Setting off for Karijini we were again to find the road long and mostly straight but this time we had dozens of huge road trains travelling to Port Hedland with their loads of iron ore.  This is the Pilbara and the area is rich with culture and a huge array of natural rock formations, deep red in colour. The soil is a fine red sand which gets into everything and is hard to remove! There are gorges, rock pools and canyons in the two National Parks of the area and we were heading for Karijini which has beautiful scenery and much of it is accessible by car. We booked into an “Eco Tent” which was said to be “luxury” but having been on several African safaris, this was not at all up to the standard they were trying to attain. This being an Eco Resort comfort was minimal in the so called “glamping” tents.  We used torch light at night as electricity was solar and we were conscious of waste. The tents were cooled by natural breezes – if there were any – with the result that the afternoons were very, very hot and early mornings freezing cold!  We did have a small ensuite bathroom though which was roofless and it was fabulous to shower late at night and look up at the billions of stars.  Being in such a remote location, the stars were simply amazing with no light to detract.






We were told of several walks which culminated in rock pools for a refreshing swim.  Unfortunately it has been a very dry season and several waterfalls have dried up and the pools in which you are able to swim are hard to get to unless you are very fit.It was also very hot but the worst problem was the bush flies.  There were millions of them and they were relentless.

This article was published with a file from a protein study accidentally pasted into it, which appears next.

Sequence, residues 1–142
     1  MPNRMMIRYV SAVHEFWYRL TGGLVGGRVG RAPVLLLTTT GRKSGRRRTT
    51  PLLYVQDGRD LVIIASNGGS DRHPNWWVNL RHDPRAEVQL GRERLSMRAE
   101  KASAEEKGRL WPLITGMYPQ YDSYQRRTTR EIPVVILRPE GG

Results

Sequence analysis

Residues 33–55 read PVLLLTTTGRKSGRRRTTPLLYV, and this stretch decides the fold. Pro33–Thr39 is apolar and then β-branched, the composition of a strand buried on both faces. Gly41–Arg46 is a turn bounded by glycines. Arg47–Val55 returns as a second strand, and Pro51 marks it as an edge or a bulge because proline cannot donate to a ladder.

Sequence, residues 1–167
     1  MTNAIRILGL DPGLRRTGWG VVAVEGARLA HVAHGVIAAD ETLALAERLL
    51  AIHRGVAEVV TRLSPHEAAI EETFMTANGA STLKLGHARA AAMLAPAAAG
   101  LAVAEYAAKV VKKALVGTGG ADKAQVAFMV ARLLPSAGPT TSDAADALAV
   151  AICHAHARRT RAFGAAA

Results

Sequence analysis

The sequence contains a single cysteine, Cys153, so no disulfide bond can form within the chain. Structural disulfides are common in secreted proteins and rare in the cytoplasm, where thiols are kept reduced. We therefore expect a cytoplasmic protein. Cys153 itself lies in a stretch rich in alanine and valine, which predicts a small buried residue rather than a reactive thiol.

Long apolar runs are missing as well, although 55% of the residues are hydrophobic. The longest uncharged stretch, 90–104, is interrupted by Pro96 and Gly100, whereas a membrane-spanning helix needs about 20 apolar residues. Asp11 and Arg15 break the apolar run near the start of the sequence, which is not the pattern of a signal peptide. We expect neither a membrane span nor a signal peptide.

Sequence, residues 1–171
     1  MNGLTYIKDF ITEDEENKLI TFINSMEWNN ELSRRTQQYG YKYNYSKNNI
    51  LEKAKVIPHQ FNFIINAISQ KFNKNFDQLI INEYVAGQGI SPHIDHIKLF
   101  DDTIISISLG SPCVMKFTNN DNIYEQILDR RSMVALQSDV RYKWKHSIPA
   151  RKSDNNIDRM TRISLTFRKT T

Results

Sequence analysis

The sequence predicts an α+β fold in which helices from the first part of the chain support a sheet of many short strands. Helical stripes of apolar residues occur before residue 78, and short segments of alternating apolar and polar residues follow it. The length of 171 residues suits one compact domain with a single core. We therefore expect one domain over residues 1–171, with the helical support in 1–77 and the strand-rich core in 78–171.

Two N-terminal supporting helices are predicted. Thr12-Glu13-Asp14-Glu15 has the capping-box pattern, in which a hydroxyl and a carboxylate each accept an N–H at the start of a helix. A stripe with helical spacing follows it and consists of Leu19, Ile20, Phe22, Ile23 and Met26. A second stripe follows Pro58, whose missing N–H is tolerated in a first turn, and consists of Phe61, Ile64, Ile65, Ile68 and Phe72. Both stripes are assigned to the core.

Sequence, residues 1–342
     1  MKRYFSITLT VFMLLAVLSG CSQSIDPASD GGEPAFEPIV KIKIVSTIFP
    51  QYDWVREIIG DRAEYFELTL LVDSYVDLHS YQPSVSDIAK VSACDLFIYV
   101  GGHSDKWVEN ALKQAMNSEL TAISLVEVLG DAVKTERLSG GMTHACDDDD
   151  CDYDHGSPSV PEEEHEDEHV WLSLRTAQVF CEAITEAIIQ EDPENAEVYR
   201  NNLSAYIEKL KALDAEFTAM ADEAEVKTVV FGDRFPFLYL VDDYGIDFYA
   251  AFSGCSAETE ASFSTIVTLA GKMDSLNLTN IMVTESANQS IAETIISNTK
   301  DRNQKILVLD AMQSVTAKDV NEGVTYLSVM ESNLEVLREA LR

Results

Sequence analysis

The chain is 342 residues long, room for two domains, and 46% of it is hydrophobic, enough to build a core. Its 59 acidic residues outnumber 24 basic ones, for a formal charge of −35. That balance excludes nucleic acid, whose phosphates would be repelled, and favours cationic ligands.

On arrival at the Eco Resort,  we noticed people walking around with fly nets covering their heads.  It was comical really as they resembled aliens from another planet – dark nets covering faces and over hats of all shapes giving their heads an oddly conical or flat shape.

O67uHv4sSEas2G07sTgbsw_thumb_3fc.jpgUnfortunately everywhere had sold out of the nets so we were not able to “join the party” and instead had to either stay in our flyproof tent or explore in the airconditioned car!

Weano Gorge is probably the best introduction to Karijini as there are easy walks around the top of the gorge as the more adventurous can venture down the rocks into the canyon. The lookout we went to gave unsurpassed views out over the Weano, Red, Hancock and Joffre Gorges.  The sheer enormity and grandeur is awesome and must be really spectacular when the waterfalls are running.


The path in is sandy – the deep red of the Pilbara – and fortunately there was a breeze so the flies were not so aggressive!




The colours of this part of the Pilbara are amazing at any time of day.  This I remember from the road trip so long ago – but then this was not a National Park and we ventured in on our way to Wittenoom township which is now closed because of asbestos.



The roads are red dirt and the silver and green of the leaves plus the groundcover colours give a special sense to this place which is sacred to the indigenous people.



We drove to Tom Price which is a mining town and a really impressive little community.

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With huge mining machines on display!

Sadly the flies and the heat drove us out of the beautiful Karijini Park but the drive was spectacular after a beautiful dawn rising viewed from our tent.



Next stop – Exmouth on the Coral Coast – maybe the flies will be gone by then?